19 February 2016
by Stephen Koukoulas
Labor’s reform proposal for negative gearing is well founded in fairness and economics. But like most reforms, particularly ones which remove a well-entrenched and significant market distortion, there are likely to be some consequences for the housing market and the economy as the reforms take effect.
The policy proposal would restrict negative gearing to investment in new dwellings from 1 July 2017, if Labor wins the election. Given the policy has now been well telegraphed and will take effect about nine months after the election, there will be a temptation for some investors to bring forward their purchase so they have an established dwelling in their property portfolio that is negatively geared.
This would likely force up the price of established dwellings. Louis Christopher, director of SQM Research, thinks there is a risk of a surge in investor demand for existing property as they scramble to take advantage of the grandfathering provisions. What happens after that is also important and Christopher notes that after 1 July 2017, ‘a subsequent slump could occur via the drop off in demand from investors’.
Of course, this assumes several issues which will have to be clarified if the proposal becomes law.
Importantly, for a significant bring-forward to occur, the banks would have to remain enthusiastic providers of capital for investors. If the banks don’t play that game, the price impact would be muted. Add to that some probable guidance from regulators to the banks on their lending for investment properties and it is possible if not probable that credit would not be easily forthcoming. The banks already take a more cautious approach to lending than they did prior to the GFC, partly of their own accord and partly from the lending guidelines already in place.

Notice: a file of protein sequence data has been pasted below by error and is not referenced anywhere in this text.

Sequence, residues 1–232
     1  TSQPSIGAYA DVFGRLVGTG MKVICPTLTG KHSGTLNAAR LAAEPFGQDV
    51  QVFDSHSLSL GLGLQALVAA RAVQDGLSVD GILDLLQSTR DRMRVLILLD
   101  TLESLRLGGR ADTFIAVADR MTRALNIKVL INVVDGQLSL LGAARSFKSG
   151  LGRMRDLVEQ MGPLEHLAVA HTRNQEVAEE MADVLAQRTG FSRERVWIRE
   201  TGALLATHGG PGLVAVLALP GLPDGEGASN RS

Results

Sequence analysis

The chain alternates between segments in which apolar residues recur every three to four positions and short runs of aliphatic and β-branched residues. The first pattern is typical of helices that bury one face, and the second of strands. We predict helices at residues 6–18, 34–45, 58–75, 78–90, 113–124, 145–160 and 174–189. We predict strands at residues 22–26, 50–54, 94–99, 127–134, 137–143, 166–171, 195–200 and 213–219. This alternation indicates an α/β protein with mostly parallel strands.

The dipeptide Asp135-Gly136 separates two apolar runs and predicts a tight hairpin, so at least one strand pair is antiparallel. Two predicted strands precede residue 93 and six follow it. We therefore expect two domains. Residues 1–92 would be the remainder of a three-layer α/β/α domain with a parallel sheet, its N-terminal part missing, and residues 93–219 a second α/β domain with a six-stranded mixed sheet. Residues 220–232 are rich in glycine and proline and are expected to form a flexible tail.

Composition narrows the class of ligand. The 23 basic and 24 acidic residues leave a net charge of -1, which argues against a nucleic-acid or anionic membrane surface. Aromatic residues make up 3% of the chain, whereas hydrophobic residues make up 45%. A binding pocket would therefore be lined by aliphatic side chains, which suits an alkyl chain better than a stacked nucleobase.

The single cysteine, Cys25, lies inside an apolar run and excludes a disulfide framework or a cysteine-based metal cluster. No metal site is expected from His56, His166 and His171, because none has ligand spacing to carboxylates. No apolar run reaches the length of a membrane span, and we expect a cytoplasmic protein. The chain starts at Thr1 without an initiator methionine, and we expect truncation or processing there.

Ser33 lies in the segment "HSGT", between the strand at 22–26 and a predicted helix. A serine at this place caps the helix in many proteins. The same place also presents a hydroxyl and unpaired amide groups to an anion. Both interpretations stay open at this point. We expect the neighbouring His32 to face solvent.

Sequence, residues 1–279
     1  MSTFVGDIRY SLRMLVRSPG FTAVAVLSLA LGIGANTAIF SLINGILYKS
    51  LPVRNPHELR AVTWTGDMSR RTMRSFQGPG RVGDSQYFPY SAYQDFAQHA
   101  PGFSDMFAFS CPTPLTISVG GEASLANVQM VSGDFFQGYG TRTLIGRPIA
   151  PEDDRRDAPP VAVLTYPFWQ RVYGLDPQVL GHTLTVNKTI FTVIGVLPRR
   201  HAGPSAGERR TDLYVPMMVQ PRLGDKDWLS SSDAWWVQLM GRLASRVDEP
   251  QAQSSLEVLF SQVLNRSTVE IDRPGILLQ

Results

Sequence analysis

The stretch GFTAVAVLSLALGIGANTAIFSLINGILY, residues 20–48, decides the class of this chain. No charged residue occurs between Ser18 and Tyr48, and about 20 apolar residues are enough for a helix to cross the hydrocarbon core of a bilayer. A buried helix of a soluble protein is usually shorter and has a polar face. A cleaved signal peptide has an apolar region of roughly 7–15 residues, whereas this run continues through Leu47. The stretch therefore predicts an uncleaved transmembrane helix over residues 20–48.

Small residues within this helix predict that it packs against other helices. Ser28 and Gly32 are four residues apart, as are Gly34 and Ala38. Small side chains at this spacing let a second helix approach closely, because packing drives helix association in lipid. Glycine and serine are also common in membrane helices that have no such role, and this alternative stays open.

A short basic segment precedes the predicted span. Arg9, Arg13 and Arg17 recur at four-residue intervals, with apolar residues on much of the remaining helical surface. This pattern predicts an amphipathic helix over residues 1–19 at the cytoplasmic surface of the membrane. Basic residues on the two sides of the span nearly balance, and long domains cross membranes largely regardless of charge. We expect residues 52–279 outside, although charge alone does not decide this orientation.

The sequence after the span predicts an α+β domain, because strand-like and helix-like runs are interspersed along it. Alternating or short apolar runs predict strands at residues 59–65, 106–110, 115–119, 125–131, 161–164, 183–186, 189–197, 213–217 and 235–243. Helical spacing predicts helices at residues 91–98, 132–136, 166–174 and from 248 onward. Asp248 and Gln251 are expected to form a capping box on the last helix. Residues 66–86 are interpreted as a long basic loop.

The other aim of the policy is to direct investment dollars into the construction of new dwellings. The hope is this would make houses more affordable and end the phenomenon where investors bid up the price of existing dwellings, squeezing first-home buyers out of the market.
After 1 July 2017, Christopher reckons there will likely be a surge in demand for new properties.
After all, negative gearing will remain in place, but as noted, only for new dwellings. It is likely this fresh and previously untapped demand for new properties will underpin more construction. The share price of several construction companies, Boral and CSR for example, are up around 10% since Labor announced their plan. The reform could therefore boost GDP, at the margin, as the dwelling supply builds over time.
If Christopher is correct, there could be financial risks for investors who do bring forward their purchase of established dwellings. If there is enough of a herd approach to “beat the change” and the price of established dwellings gets a boost, investors risk paying an artificially high price.
The risk comes after the rule change when demand for established dwellings from investors falls away sharply, as the tax distortion ends. Prices could be dampened but other issues such as interest rates, the overall health of the economy, unemployment and wages will have an influence on prices over and above this change.
For those looking to get into the property market and who have been held back by high prices, the reforms are good news with a pipeline of new supply likely to flow over time. Housing is like most other markets – extra supply relative to demand will dampen prices which, for housing, means improved affordability.
The proposed changes to negative gearing rules are economically responsible and fair. It is the sort of policy change that has been needed for many decades and the good news is it probably means the risks for house price booms in the future are greatly diminished and housing affordability, in time, will improve and home ownership rates, which have been falling, should again pick up.
It also means $30bn is available to the budget bottom line over the next decade which at the moment is something much needed in the quest to deliver a budget surplus.